Shanghai - Suzhou(B)
Follow the instruction that been given the last day, get on the journey to Shanghai. Upon arrival in Shanghai, our tour guide will pick you up at the airport and transfer you to Suzhou.
D9 Suzhou - Wuxi (B, L)
Suzhou, the city in which is also known as a paradise, the Oriental Venice, for its exquisite water routes (canals), bridges, pagodas and gardens. Suzhou is also an UNESCO designated “World Heritage Site”. After breakfast, tour the Lingering Garden, a classic private garden housing more than 500-years of history. Next, visit a renowned traditional Silk Culture and Exhibition Centre, noted to be the largest silk producer in the country, where you will discover the mysterious processing of silk. After lunch, enjoy a relaxed and soothing canal ride inside the city, enjoy the picturesque feeling the ancient city offers on the Grand Canal Cruise (USD $30/person). Later afternoon, continue onwards to Wuxi to visit the LingShan Grand Buddha. Recognized as one of China's largest Buddha statues standing over at an amazing 80m tall. Explore the whole LingShan area attraction with musical fountains that play-out the story of the birth of Buddha. Also, visit the spiritual Brahma palace (梵宫), a very grand palace with the pillars that are entirely made of sandalwood; Known to host the 2009 Buddhist conference.
D10 Wuxi – Hangzhou（B, L）
This morning, tour the brilliance of Lihu Park, located at the famous Lake TaiHu. Followed by a visit to the fresh water pearl processing company, the “Yuanrun Ju” jewel corporate. Since its establishment in 1984, it has taken over, with high techniques, the farming, researching, processing and gallering of fresh water pearls for the district. Continue onwards to Hangzhou, the city described by Marco Polo as “City of Heaven” and “the most beautiful and magnificent city in the world”. This evening, you may enjoy a symbolic performance of Hangzhou, “The Romantic Show of SongCheng” (USD $65/person). Performed over 2,000 times per year. Since its creation, the show has been performed more than 20,000 times, and entertained over 60 million audiences. It is one of the theatrical performances that had performed for the most times and performed to largest recording audience number; along with the O Show in Las Vegas, and the Moulin Rouge in Paris, the three are regarded as the "Top 3 Famous Shows in the World".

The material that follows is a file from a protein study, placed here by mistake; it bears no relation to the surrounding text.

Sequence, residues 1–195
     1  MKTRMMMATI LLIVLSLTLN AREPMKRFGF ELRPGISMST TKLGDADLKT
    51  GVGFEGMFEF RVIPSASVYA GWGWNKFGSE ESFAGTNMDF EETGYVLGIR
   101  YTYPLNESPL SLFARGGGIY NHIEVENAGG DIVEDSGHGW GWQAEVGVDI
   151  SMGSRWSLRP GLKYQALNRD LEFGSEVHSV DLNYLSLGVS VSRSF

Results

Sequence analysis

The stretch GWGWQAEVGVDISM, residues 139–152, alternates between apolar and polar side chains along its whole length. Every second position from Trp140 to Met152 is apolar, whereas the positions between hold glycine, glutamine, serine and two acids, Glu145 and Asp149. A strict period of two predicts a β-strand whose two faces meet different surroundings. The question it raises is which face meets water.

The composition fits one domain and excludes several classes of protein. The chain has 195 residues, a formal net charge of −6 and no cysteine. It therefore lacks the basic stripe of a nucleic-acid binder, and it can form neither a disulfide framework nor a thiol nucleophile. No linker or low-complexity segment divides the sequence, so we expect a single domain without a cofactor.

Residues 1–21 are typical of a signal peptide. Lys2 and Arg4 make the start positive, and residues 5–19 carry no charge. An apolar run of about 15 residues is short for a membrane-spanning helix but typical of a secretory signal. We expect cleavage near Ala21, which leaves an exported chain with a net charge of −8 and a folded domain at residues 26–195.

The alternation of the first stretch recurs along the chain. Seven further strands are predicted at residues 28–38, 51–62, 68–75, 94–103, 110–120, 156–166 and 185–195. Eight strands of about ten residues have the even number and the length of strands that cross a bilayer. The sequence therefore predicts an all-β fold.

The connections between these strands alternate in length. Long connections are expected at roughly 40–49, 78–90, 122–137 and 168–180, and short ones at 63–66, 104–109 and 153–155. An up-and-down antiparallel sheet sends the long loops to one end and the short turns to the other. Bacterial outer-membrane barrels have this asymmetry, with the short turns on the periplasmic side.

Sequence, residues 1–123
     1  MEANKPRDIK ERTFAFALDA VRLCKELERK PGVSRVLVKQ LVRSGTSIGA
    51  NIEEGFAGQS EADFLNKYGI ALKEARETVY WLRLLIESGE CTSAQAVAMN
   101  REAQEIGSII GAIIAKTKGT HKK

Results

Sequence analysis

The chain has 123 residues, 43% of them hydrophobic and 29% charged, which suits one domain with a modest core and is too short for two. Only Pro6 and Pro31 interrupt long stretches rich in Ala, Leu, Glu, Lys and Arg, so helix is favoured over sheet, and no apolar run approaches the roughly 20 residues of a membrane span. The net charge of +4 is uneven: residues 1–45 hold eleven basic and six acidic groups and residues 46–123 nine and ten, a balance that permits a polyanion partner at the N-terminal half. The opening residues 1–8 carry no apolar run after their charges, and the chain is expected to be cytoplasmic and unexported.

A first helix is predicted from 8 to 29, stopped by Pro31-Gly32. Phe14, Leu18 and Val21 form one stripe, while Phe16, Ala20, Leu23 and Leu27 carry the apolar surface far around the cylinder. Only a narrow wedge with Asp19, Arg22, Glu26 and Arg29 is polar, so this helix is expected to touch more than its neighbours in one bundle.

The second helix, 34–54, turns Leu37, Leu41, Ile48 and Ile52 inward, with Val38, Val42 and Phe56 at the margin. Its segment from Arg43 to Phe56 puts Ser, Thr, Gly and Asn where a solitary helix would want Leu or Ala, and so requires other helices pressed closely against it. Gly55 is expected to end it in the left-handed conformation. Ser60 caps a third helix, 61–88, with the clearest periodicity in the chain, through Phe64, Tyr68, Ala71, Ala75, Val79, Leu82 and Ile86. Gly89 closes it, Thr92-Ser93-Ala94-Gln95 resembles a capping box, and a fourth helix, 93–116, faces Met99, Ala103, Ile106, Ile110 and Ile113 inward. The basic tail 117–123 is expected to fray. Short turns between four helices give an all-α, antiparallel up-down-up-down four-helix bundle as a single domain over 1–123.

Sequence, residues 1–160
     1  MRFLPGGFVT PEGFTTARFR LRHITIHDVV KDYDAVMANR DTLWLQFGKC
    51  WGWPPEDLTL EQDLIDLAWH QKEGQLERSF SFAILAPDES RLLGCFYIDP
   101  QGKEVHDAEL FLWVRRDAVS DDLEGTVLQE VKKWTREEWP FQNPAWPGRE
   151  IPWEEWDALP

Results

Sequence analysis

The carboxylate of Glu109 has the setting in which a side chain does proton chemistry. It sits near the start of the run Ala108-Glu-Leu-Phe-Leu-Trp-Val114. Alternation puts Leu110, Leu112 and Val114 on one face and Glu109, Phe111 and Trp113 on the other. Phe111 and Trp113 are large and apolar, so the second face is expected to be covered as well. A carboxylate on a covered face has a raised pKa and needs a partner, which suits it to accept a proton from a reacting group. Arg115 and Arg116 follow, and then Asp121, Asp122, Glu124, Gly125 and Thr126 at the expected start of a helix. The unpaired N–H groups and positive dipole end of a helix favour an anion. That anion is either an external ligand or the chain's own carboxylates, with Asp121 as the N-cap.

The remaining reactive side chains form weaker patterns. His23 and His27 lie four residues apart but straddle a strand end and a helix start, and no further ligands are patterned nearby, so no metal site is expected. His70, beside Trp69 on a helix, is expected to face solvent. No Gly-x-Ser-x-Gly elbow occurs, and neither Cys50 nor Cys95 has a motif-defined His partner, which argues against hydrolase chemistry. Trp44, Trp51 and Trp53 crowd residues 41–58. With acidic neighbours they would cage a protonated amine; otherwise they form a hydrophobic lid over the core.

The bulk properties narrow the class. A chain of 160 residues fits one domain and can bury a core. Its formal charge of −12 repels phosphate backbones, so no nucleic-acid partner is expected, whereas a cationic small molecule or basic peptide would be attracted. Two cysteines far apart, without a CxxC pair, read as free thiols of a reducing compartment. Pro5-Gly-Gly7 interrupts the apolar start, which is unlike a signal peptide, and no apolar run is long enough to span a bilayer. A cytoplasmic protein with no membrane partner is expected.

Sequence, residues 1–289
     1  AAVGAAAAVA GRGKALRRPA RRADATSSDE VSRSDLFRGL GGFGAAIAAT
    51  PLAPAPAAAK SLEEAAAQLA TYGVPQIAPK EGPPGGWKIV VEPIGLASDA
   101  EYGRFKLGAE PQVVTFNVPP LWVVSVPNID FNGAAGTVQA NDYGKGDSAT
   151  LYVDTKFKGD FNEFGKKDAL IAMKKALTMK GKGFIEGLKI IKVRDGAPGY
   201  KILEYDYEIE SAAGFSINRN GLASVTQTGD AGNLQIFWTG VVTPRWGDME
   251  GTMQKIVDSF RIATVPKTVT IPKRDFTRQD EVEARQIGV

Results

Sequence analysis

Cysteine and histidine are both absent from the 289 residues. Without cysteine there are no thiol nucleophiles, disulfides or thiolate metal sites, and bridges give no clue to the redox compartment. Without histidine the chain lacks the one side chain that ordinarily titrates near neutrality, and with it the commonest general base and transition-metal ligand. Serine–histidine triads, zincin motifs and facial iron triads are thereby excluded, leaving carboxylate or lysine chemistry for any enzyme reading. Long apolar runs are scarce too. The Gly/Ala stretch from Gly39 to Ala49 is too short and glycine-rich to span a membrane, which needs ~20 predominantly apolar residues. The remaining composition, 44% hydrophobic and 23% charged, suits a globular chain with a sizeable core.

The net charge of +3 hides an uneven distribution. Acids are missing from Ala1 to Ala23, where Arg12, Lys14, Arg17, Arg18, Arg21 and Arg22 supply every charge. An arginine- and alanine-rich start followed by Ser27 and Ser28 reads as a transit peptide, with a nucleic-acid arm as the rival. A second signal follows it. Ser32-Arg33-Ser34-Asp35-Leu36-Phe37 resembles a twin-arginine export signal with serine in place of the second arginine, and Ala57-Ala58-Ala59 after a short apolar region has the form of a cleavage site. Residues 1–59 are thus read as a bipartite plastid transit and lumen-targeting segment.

D11 Hangzhou – Shanghai (B, L)
Hangzhou, also known as the “Paradise on Earth”, has been immortalized and celebrated by countless poets and artists. The West Lake Cultural Landscape has been recognized by UNESCO as a site of World Heritage. After breakfast, visit The West Lake, the most sensational and beautiful lake in the country. Then, you can choose to take an amazing boat ride on the serene West Lake (USD $35/person), the most renowned feature of Hangzhou, noted for its scenic beauty which blends naturally with many famous historical and cultural sites throughout the path. Then, visit the No.1 tea plantation site and get a chance to taste the well-known Dragon Well Tea. Many studies proofs that green tea is excellent for your health, and Dragon Well Tea is the best Green Tea in China offers. After lunch, transport to Shanghai. Upon arrival in Shanghai, walk along the famous Bund, lined by the colonial architecture of European designs, this area is the best place to capture China under the Western influences of the old days. It now is known as the “Wall Street of the East”. Later evening, have an optional participation on a western influenced Chinese Acrobatic Show - ERA: The Intersection of Time (USD $60/person).
D12 Shanghai（B, L）